HUD Awards $40 Million in Counseling Funding Including Reverse Mortgages

The Department of Housing and Urban Development today announced $40 million in funding awards to housing counseling agencies and intermediaries nationwide, including funding for reverse mortgage counseling. 

The agency recently changed the way it allocates funds to include all counseling funding under a single grant rather than separating reverse mortgage counseling funds. The grants, totaling more than $40 million, were awarded to 334 counseling providers with the aim to help more than 1.6 million households.  

“Make no mistake: these grants will do a lot of good,” said HUD Secretary Shaun Donovan. “The HUD-approved counseling agencies this funding supports are crucial in helping families manage their money, navigate the homebuying process, and secure their financial futures. The evidence is clear that housing counseling works. These grants are a smart investment to help families and individuals find and keep housing which helps promote neighborhood stability in the long term.”

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Among the funding, roughly $38 million will directly support counseling services while $2 million will go toward training housing counselors. Working through HUD’s newly launched Office of Housing Counseling, the funding allocation was streamlined this year to reduce the administrative burden on applicants, HUD said.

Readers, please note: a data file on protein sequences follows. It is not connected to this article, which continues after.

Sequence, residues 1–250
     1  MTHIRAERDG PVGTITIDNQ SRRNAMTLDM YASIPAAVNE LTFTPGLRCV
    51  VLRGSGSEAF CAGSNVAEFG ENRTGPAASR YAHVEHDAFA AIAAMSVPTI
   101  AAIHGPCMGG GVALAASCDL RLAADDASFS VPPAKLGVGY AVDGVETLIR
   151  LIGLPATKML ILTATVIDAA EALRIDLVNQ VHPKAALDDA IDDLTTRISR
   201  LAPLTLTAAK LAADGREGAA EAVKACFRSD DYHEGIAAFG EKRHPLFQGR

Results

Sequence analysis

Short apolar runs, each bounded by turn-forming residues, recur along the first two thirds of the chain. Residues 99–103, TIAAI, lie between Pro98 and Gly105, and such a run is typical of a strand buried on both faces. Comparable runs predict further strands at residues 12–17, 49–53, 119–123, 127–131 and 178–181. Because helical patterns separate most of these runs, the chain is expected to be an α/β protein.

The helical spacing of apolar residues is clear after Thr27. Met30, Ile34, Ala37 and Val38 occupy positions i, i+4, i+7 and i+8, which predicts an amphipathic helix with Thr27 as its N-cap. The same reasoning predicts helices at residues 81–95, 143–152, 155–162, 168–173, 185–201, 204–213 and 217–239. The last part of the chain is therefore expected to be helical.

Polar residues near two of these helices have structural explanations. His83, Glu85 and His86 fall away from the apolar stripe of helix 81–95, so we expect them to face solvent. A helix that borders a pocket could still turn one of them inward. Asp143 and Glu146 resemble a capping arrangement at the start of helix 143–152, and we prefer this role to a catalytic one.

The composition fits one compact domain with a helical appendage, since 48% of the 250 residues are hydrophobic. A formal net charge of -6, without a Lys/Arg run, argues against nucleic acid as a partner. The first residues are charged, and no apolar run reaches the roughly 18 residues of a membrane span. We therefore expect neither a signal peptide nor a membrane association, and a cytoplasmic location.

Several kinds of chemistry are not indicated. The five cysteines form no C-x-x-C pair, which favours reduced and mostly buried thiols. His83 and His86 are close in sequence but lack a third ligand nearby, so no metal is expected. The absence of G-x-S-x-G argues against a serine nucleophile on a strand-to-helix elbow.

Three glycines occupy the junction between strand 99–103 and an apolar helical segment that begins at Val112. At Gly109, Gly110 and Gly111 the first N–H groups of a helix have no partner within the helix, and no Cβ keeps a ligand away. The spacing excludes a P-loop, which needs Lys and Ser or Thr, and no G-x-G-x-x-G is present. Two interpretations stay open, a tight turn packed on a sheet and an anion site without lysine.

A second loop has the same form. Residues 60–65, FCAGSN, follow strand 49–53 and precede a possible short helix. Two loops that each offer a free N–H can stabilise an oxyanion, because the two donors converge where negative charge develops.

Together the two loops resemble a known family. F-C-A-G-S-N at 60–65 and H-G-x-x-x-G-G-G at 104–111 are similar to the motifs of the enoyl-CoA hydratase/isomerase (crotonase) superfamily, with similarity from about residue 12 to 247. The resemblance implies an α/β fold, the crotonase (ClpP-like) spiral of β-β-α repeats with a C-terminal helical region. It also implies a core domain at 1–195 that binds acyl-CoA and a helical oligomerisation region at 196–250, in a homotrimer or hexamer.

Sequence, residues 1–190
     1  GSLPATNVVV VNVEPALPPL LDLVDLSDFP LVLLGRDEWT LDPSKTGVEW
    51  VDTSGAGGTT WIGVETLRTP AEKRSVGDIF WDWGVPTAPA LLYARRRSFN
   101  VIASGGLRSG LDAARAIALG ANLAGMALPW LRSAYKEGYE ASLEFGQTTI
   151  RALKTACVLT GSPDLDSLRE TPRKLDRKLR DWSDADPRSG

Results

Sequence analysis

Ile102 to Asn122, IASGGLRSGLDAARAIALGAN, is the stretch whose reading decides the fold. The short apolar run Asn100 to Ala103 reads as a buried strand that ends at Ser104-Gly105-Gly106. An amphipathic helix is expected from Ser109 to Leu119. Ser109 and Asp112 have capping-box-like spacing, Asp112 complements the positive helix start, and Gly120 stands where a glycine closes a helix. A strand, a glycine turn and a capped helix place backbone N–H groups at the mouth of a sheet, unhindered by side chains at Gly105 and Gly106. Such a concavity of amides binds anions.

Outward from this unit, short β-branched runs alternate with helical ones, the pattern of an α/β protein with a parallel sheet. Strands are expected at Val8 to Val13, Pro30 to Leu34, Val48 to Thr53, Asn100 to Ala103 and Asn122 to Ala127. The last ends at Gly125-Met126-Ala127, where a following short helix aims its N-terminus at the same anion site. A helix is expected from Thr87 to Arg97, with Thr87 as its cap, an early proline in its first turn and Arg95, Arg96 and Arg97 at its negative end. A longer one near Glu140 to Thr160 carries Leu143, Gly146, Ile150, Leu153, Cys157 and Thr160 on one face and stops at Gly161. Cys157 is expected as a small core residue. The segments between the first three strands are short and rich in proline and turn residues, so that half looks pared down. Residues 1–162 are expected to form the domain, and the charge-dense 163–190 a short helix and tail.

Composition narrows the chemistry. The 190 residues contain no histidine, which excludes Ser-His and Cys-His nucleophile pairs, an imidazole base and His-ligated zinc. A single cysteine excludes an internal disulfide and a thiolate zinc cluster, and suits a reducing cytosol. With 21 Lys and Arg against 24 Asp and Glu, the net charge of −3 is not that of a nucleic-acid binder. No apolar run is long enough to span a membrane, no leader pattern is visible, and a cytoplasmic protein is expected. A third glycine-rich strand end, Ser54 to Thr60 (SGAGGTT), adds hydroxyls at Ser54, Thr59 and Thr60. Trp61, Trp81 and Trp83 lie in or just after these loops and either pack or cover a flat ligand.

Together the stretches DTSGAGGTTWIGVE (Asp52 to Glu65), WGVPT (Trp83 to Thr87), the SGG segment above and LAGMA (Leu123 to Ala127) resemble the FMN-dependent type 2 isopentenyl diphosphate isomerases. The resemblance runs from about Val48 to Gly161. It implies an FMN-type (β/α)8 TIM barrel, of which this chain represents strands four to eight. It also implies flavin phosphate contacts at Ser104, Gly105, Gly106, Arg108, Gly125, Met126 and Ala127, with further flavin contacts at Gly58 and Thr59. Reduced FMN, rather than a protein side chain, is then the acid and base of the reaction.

View the allocations by state and by agency.

Written by Elizabeth Ecker

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  • Doing the math this is an average of about $113,772 each for counseling itself. No doubt, HUD sprinkles on some agencies and rains on others but one must question how far these dollars will stretch in light of the continuing financial problems many homeowners find themselves in.

    • Hi Cynic,
      Unfortunately it does not average out to that, the 40 million is for *all* types of housing counseling, not just HECM counseling and spread across a vast number of agencies. In addition to the 334 direct HUD recipients (one of which is the Local HUD Housing Counseling agency that I am proud to work for), there are many of those agencies who are national and/or regionals who have sub-agencies beneath them. Further, we can see hundreds to thousands of people each year on various aspects of housing counseling from foreclosure prevention, to evictions, to homelessness prevention, to first time purchasers, etc. $40 million is a drop in an increasingly large ocean.
      The average small agency seems to be getting less than $20,000 from HUD (rather than $113,772) just to keep its doors open. That is not enough to pay even one full time employee here in Massachusetts. We need to seek our continuation grants elsewhere. I shudder to think what the sub-agencies are getting when they are under someone else’s umbrella.
      Frank J. Kautz, II
      Staff Attorney
      Community Service Network, Inc.
      52 Broadway
      Stoneham, MA 02180
      (781) 438-1977
      (781) 438-6037 fax
      FrankKautz@csninc.org –work
      Frank@Kautzlaw.com –private

      • Hey Frank,

        Good to see you participating again.